Former Prime Minister Francois Fillon won the conservative primary runoff on Sunday and is set to represent the biggest opposition party in the 2017 French presidential race, according to partial results the runoff.
After counting ballots in 8,081 out of a total of 10,228 polling stations, the 62-year-old liberal politician led the runoff with 67.4 percent of the vote, against his moderate rival Alain Juppe who collected 32.6 percent while the counting was still underway.
“It is a fundamental victory built on convictions. Progressively, I felt this wave broke all the written scenarios in advance. My approach was understood,” Fillon told supporters.
“The future is ahead of us. We have all the assets to be a sovereign nation, to lead Europe. Now, I have the duty to convince the whole country that our project is the only one that can lift us up,” he added.
Serving as prime minister from 2007-2012, under the leadership of Nicolas Sarkozy who was kicked off last Sunday, Fillon has lagged for months behind the duel of Juppe-Sarkozy. He gained a spectacular momentum a week ahead the primary first round following a late surge in campaigning.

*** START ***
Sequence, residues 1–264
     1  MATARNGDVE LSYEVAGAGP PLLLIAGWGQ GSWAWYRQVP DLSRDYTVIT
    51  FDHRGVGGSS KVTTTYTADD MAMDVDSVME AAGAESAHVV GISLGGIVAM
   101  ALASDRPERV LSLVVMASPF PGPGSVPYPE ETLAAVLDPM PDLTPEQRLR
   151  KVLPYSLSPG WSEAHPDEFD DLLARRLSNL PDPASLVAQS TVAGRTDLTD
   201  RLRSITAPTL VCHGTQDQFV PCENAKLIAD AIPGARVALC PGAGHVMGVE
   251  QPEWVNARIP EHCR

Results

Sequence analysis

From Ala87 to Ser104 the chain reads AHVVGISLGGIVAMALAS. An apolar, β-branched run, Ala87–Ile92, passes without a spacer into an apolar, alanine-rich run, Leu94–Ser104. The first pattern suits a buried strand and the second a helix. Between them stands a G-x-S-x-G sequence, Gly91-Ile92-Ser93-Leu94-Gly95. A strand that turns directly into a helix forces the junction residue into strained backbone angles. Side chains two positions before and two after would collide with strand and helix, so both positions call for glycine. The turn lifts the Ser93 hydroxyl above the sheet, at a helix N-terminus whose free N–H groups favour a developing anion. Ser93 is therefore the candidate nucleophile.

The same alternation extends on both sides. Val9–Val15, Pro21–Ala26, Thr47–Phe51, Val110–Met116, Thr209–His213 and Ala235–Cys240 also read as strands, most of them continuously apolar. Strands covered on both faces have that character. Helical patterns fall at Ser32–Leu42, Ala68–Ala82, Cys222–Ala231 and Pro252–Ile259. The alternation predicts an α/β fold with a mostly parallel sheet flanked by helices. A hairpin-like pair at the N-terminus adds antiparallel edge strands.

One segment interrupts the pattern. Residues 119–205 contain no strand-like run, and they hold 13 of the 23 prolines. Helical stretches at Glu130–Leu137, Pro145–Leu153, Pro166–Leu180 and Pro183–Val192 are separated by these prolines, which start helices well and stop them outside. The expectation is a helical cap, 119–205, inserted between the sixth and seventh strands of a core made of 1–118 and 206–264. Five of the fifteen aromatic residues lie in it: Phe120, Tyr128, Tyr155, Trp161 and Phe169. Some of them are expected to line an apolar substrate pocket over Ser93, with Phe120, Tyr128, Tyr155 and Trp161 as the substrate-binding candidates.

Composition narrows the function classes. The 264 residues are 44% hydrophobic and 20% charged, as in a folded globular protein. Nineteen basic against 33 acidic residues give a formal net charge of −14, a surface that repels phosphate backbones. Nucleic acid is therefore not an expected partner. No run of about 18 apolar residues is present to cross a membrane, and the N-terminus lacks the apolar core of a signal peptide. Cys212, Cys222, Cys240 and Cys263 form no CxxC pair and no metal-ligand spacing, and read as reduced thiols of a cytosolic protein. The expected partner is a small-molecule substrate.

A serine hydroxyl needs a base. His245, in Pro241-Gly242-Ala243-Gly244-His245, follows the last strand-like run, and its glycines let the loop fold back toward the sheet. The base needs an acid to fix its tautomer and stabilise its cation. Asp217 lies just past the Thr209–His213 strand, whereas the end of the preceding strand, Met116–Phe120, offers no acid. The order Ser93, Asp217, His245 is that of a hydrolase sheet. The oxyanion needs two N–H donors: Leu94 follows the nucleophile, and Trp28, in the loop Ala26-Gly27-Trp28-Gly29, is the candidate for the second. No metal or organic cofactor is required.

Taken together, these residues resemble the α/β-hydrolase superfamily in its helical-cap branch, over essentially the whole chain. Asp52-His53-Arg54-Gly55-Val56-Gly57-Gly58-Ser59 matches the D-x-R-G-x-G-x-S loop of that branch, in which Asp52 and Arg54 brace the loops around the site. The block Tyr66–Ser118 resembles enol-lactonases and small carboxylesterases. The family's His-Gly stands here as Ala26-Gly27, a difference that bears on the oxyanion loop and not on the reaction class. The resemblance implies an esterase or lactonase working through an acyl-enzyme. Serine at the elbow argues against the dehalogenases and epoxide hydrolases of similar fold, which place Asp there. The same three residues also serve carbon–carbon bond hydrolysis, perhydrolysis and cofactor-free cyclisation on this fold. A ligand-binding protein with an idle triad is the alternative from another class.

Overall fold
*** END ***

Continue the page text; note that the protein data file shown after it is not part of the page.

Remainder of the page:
Advocating for pro market reforms, Fillon presented “more radical project,” based on a slash of 500,000 public sector jobs, twice as Juppe pledged, lower corporate taxes and wanted people to work more in a move to clinch public spending and revive economy.
On foreign policy, he has expressed his Russia-related stance, calling on Paris and Moscow to “sit down around the same table” to enhance bilateral ties and help to end war in Syria and Iraq.
Admitting his defeat, Juppe, 71, who had long been the polls’ favorite, “congratulate Francois Fillon for his great victory.”
“I support him and I wish him good luck for his presidential campaign and the victory in May,” he told supporters after results were released.
His concession means the U.S.-style primary, the first ever held by French conservatives, had chosen Fillon to be the center-right’s favorite to challenge the Socialist ruling party and to challenge a risk of mounting populism echoed by the far-right National Front party.
According to the center-right authority, turnout of the Sunday’s runoff reached more than 2.9 million, 4.5 percent more than the first round and far beyond the party’s previous expectation of two million. (Courtesy Xinhua)